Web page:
Rhubarb masquerades as a fruit, but it's really a large perennial herb. Before it became known as the pie plant, Rheum rhabarbarum was cultivated primarily for its medicinal properties. The roots, which act as a laxative, were dried, ground to a powder, and traded along the Silk Road. Rhubarb made its way from its native Siberia, where it still grows wild, to Europe and then to the United States. By the mid-nineteenth century, the blushing slender stalks were popular ingredients in dessert recipes.
Dessert is an ideal place for rhubarb because the stalks pack a sour punch and need a good dose of sugar. Even a savory rhubarb dish would do well to include a sweet ingredient, something to mellow the plant's natural acidity. Rhubarb and strawberries seem to be soul mates. The two are a classic pairing and for very good reason -- sweet strawberry tames tart rhubarb, while rhubarb enhances and brightens the floral fragrance of strawberry.
Cooking rhubarb is surprisingly different from cooking other springtime produce. Tiny peas, slender asparagus spears, and delicate radishes all require a light hand, but rhubarb must be cajoled into sweet submission. Simmer it with honey, cinnamon sticks, and orange juice, and it will reward your efforts by dissolving into a silky compote, perfect for spreading between layers of cake.
Look for rhubarb at farmers' markets from March until June. Bright red varieties tend to be best sellers, but all-green varieties such as the prized heirloom, Victoria, are just as tasty.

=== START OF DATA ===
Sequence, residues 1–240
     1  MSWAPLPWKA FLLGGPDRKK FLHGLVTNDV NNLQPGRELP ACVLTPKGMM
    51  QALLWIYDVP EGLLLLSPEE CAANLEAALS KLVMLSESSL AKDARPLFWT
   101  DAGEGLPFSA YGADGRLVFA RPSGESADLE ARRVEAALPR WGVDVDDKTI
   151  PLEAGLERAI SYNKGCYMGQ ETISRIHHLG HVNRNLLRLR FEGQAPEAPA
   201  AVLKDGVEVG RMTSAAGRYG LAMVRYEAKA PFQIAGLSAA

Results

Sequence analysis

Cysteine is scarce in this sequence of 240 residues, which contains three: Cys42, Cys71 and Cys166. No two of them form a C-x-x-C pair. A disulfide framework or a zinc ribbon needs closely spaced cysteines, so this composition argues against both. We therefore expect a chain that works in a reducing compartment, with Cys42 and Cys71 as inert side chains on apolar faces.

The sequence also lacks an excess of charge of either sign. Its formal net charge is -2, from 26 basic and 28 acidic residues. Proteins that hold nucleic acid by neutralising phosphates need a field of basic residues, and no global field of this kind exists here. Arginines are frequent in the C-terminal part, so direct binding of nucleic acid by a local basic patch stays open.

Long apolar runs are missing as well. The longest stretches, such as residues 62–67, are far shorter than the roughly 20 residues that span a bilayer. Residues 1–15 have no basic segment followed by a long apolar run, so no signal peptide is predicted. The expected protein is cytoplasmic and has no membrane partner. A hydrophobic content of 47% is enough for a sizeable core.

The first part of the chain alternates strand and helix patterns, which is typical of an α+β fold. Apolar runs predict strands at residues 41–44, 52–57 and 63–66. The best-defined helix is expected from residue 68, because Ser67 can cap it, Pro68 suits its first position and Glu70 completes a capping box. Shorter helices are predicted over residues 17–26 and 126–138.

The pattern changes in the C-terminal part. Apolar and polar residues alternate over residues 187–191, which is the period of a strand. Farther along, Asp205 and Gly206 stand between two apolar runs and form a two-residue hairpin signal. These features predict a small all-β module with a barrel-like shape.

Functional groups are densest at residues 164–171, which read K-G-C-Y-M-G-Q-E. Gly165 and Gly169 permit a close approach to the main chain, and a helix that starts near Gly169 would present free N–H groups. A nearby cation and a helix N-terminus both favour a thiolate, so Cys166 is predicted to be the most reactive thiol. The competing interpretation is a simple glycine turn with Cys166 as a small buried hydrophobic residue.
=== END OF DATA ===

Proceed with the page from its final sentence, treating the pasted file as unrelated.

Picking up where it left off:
Strawberry Rhubarb Galettes
Each little galette is the appropriate size for an individual serving, although the combination of flaky, buttery crust and jammy, sweet-tart fruit is so delicious that you'll definitely want more than just one.
Makes four 5-inch galettes
1½ cups all-purpose flour
12 tablespoons (1½ sticks) very cold unsalted butter, cut into small pieces
½ teaspoon kosher salt
1 pound strawberries
6 ounces rhubarb
Zest of 1 orange
1/3 cup granulated sugar, plus more for sprinkling
2 tablespoons cornstarch
Fill a cup with cold water and place it in the freezer. In a large bowl, combine the flour, butter, and salt. Using your fingers, rub the butter and flour together until there are no butter pieces larger than the size of a pea. Remove the cup of water from the freezer and drizzle 4 tablespoons of water over the butter-and-flour mixture. Give it a few strong squeezes to see if the dough will clump together. If not, pour in another tablespoon of water. Quickly shape the dough into a flattened disk, wrap it in plastic, and place it in the refrigerator to chill for at least one hour.
Preheat the oven to 375ºF.
On a floured surface, roll the dough out into a 1-inch-thick circle. Fold it in half, as if you were closing a book, then fold it in half again to create a layered wedge of dough. Cut the folded dough into 4 pieces and roll each piece out into a ¼-inch-thick circle. Transfer the dough circles to a parchment-lined baking sheet, and chill them in the freezer for 10 minutes.
Meanwhile, trim the strawberry tops and cut the fruit lengthwise into ¼-inch-thick slices. Cut the rhubarb crosswise into ½-inch pieces. Place both the strawberries and the rhubarb in a large bowl. Add the orange zest, sugar, and cornstarch. Stir well to combine.
Divide the fruit mixture among the dough circles, piling the fruit in the center of each circle and leaving bare a 1-inch border at the edge. Fold the edges of the dough toward the center, partially covering the fruit. Sprinkle the edges with sugar, then bake the galettes for about 1 hour, or until the fruit juices bubble and the crust turns golden brown.